Please don’t play it again, Sam

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‘Living in harmony with the Piano Man’

Even the most wonderfully wacky honeymoon — spent driving around Portugal and Spain checking out caves (well, make that one cave) and mooching off Malcolm Forbes in Morocco — has to end sometime. And then you have to get back to Real Life.

Which The Dude and I did. We lived, as we do now, in an apartment here in New York City. Not the same apartment as now, though. This one was on the ground floor of the building right next door, which is an oddity I won’t get into right now, for lack of space (mine) and patience (yours).

Anyway. I mention the Ground Floor Thing because it meant that any pedestrian striding by on his or her way to work or class (hospital down the street, school across it) had a clear view through our windows of anything we happened to be doing. I remember getting our living room ready for moving in — this was before our blinds were installed — and feeling, you know, watched. I glanced up to see a whole Peanut Gallery checking out my floor-polishing technique. So we pretty much had to keep those blinds shut. Which made the apartment feel rather like that cave we visited on our honeymoon. Continue reading

The Agent of Destruction

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‘Dealing with the drama of domestic disaster’

Those of you who (virtually) tagged along on our recent African Adventure may recall that The Child proved her mettle in more mature ways than one. While we were away she dealt with a couple of disasters, a feline medical emergency and a fire in our building.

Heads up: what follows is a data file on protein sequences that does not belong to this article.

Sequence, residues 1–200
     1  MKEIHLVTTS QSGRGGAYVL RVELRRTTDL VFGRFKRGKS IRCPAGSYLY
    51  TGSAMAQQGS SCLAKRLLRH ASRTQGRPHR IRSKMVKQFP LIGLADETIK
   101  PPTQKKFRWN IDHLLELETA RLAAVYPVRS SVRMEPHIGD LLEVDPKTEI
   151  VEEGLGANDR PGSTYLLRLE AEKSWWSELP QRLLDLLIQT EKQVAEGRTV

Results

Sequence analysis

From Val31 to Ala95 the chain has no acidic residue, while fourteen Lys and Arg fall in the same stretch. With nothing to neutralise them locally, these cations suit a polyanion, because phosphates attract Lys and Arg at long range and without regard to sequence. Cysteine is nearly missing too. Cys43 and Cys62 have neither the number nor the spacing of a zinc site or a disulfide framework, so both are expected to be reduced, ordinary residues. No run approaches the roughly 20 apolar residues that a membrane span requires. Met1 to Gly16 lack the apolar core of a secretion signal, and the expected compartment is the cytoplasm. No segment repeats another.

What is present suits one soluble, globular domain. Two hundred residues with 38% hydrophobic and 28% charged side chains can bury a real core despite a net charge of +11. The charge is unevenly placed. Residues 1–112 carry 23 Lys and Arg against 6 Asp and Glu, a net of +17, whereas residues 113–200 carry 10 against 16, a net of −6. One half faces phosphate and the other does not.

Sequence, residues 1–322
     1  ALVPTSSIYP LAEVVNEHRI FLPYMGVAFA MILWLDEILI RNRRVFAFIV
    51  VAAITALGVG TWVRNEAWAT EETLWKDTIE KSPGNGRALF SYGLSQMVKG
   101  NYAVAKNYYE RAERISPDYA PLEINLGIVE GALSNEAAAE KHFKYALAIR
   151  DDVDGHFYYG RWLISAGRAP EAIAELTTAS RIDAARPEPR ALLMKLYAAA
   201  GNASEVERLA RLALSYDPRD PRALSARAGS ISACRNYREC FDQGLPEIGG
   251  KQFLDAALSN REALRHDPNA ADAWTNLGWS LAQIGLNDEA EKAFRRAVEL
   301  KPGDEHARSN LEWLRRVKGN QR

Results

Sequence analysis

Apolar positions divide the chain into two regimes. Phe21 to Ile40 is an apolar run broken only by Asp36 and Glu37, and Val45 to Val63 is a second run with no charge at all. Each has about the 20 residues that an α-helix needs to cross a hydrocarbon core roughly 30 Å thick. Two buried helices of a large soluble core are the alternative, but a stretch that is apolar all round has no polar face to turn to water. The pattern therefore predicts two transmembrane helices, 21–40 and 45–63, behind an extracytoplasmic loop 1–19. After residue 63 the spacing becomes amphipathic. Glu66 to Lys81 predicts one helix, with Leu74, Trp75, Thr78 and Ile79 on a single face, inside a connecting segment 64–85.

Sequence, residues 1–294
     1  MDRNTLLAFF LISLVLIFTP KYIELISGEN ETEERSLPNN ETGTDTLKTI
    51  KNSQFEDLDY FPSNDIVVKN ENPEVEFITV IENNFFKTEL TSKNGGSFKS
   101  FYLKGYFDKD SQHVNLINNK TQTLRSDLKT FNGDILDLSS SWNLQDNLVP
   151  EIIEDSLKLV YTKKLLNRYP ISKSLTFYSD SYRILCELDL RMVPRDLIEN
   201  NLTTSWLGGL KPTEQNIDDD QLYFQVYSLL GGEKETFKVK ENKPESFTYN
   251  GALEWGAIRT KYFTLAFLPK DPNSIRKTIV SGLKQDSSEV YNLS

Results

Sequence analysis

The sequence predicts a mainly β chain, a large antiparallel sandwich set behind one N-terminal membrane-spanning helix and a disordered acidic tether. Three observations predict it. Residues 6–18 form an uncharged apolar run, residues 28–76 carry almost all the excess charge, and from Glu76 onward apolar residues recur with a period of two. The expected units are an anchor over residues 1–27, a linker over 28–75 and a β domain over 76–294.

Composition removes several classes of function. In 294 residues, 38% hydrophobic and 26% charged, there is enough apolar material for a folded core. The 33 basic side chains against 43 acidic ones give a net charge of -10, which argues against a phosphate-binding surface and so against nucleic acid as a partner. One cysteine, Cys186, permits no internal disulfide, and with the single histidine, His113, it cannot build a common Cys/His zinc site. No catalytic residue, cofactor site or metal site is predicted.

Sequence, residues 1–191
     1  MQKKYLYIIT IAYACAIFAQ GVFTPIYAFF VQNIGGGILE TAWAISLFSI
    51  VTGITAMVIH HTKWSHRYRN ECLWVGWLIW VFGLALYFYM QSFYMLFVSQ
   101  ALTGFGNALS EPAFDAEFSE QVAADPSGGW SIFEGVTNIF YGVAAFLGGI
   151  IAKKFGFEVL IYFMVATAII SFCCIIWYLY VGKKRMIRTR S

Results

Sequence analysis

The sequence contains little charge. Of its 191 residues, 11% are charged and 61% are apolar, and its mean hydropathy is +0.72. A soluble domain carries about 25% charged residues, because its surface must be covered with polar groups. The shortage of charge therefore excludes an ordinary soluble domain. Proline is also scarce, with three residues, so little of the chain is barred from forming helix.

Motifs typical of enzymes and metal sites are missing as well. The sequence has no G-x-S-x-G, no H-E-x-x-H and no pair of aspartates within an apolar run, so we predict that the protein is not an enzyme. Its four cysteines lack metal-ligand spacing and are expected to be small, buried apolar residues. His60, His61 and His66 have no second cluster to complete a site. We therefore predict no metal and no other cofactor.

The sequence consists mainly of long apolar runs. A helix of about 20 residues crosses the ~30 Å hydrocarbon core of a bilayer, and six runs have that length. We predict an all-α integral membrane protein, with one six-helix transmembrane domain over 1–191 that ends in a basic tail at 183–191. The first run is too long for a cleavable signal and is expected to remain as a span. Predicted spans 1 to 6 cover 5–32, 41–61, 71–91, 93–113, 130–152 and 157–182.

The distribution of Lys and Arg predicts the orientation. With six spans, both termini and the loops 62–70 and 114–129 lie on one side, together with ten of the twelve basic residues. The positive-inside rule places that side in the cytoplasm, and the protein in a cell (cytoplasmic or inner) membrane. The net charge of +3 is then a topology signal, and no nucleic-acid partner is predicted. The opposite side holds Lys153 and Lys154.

Well, she’s back in Cambridge now, dealing with her own (disaster-free, I hope) life, while we soldier on. Wombat’s crisis, except for the rather unfortunate bare patch that remains on her butt, has passed. Continue reading

Three, and you’re under the host

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‘Dorothy Parker was right about those martinis’

Lately I’ve been missing the good old days when The Child was in elementary school. No, I haven’t been missing the struggles with those terribly-hated absolutely-required socks every morning. Nor have I been missing the phone calls from the Headmistress, like the one informing me The Child had been forging her violin practice notes. (Story on that little incident coming soon. Or not.) And nope. I most certainly have not been missing discovering notes in her backpack five minutes before the bus comes that say things like ‘You may send your daughter to school today in a simple Halloween costume‘.

No, I’ve been missing the martini parties.

You see, The Child went to a Quite Distinguished Private All-Girls School in New York City, whose name I choose to omit for fear of embarrassment (mine as well as the school’s). In her class were some terribly nice girls (some of whom have remained her close friends; yet another reason to omit the School Name). And there were these terribly nice parents who had this idea to throw a get-acquainted-with-the-other-parents party. These parents lived in a glamorous apartment right across from the Museum of Natural History, and they were quite sophisticated. (Still are, I’m guessing). Continue reading